Chapter # 3 Paragraph # 2 Study # 7
Thesis: Paul's exclusion of faith from "Law" is the exclusion of selfish "force" in a relational universe of "love".
Introduction: In our previous study we noted that Paul used Habakkuk 2:4 to validate his claim that it is "obvious" that a righteous standing before God is absolutely impossible out of a context of "law". In that study we attempted to show that God's faithfulness to His promise through Habakkuk was the catalyst for permanently eliminating overt apostasy in Judah. Thus, Paul chose to found his arguments for justification by faith on the text of Habakkuk 2:4. Clearly, the first stage of the establishment of justification before God has to do with identifying "God" in contrast to all of the pretenders (the point of Habakkuk and Daniel). Then, the very next issue is that God inhabits a relational universe (as opposed to a mechanical one) and that one of the fundamental issues of that universe is "trust" (the "abiding" principles are "faith, hope, and love, these three").
In our study this evening we are going to move into Paul's "proof" that "law", as a system, is completely outside of the boundaries of God's relational universe. We will do this by looking into Galatians 3:12 and Paul's declaration that "law" is not "of faith". What does this mean?
January 22, 2012
- I. What it Does Not Mean.
- A. Because every "system" has principles of operation, "law" and "faith" are not "exclusive" at this level.
- 1. There is a "law of faith" concept in Paul's thought: Romans 3:27-28.
- a. When "principles of operation", as a fundamental premise of "system", are in view "law" and "faith" are not exclusive.
- b. Paul's clarification is that there is a "system" wherein there exists a "law of works" and there is another "system" wherein exists a "law of faith".
- c. Paul never teaches that "faith" is without fundamental, inalienable, immutable "principles of operation".
- 2. Even within the distinct "systems", both the principles of faith and the principles of law function in each.
- a. In "law" as a system, it is nonetheless required that people "believe" the laws because there is no commensurate response without "belief".
- b. In "faith" as a system, it is nonetheless required that people "respond" (i.e., "work") according to the thing "believed" because that is the nature of faith exercised by persons.
- 3. Also, within the larger context of the physical universe, both "systems" continue to have an undeniable and inevitable impact.
- a. Paul told the Galatians that if they attempted to apply the "system" of Law to God's relational universe, they would come under a curse.
- b. Likewise he told them that if they attempted to ignore the "system" of Faith in God's relational universe, they would reap corruption.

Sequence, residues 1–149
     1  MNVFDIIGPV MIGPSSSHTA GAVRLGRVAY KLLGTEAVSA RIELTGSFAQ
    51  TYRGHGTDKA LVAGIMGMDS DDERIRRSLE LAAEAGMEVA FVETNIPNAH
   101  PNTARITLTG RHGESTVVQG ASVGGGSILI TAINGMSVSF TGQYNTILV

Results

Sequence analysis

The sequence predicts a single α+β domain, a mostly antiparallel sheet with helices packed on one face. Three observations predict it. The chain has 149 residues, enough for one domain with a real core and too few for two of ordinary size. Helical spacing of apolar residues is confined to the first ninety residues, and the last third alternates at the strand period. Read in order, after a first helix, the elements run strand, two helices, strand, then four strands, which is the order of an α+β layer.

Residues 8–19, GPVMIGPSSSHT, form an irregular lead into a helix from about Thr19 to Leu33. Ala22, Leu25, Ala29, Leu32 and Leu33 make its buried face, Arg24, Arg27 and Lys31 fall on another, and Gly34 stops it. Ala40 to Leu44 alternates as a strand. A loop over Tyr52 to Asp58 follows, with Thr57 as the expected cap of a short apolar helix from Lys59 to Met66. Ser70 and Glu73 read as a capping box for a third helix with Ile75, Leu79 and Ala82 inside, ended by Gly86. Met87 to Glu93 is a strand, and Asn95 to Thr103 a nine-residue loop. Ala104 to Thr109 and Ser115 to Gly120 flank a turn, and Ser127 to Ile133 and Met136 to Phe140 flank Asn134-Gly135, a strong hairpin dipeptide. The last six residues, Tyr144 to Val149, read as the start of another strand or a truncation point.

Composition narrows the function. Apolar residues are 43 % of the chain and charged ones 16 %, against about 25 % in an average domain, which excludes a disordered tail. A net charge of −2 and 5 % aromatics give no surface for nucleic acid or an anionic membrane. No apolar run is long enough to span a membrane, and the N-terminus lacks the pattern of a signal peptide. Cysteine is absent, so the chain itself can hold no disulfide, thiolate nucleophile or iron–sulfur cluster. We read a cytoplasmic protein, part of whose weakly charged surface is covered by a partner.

- B. At the "principles of operation" level, "law" and "faith" coexist without conflict.
- II. What it Does Mean.
- A. At its most basic level, what Paul meant is that the "systems" are mutually exclusive.
- B. The "system of Law" is declared.
- 1. "Life" arises out of the performance of individual laws that exist within the system.
- 2. But, the critical issues are two: first, the meaning of "the one doing them"; and second, the meaning of "shall live by them".
- a. In regard to "the one doing them" the issue is also bifurcated.
- 1) One of the issues involved in "doing them" is the issue of motivation: why is one doing them?
- a) Paul argues that one of the motives of "doing" is to "glory".
- b) He also argues that one of the motives of "doing" is to "escape" persecution.
- c) His arguments assume the root: "doing" is, by design, an exercise of "sovereign control".
- d) His point is one: no one escapes the selfishness of the motives for taking action.
- 2) The other issue is whether, in fact, the one "doing them" is actually "doing them" in a way that can stand the scrutiny of Justice.
- a) Since the "law" is an expression of the essential character of God, it has to go without saying that no one can actually "do them" as long as the motives are ungodly.
- b) Thus, Jesus felt it necessary to eliminate the distinction that the Jews had created in their minds between the "act" and its essential nature (He said, "You have heard it said ... but I say unto you.").
- b. Then, in regard to "shall live by them" there also exists a couple of qualifiers.
- 1) The first issue is how a person defines "shall live".
- a) Those caught up in "law" as a system invariably define "life" in truncated, transitory terms.
- i. There is a temporary pleasure in the body.
- ii. There is a temporary sense of security in the soul.
- iii. There is a temporary sense of esteem from others.
- b) But "living" from a biblical sense stands above and outside of these truncated and transitory terms.
- i. Everyone has been exposed to the fact that there are some who have a sense of personal joy even in pain, danger, and humiliation (humans usually turn such examples into "testimonies of the potency of the human spirit").
- ii. The fact is, "joy", as the essence of the Life of God, depends entirely upon God; thus removing "joy" from the transitory setting: He is beyond and outside of His creation and that "joy" is communicable to anyone inside of His creation who has a "trust" relationship with Him (which assumes the John 17:3 "knowledge" and the James 2 "genuine faith" concept).
- 2) The second issue is whether anyone can actually "get there from here".
- a) Obviously, Paul's "shall live by them" is tongue in cheek since he just got through saying everyone of that ilk was "under a curse".
- b) Not only can no one ever do all of the commandments perfectly (James' "keep the whole law but offend in one part": James 2:10), no one can ever do any of the commandments perfectly (perfection begins with perfect love which no man has reached).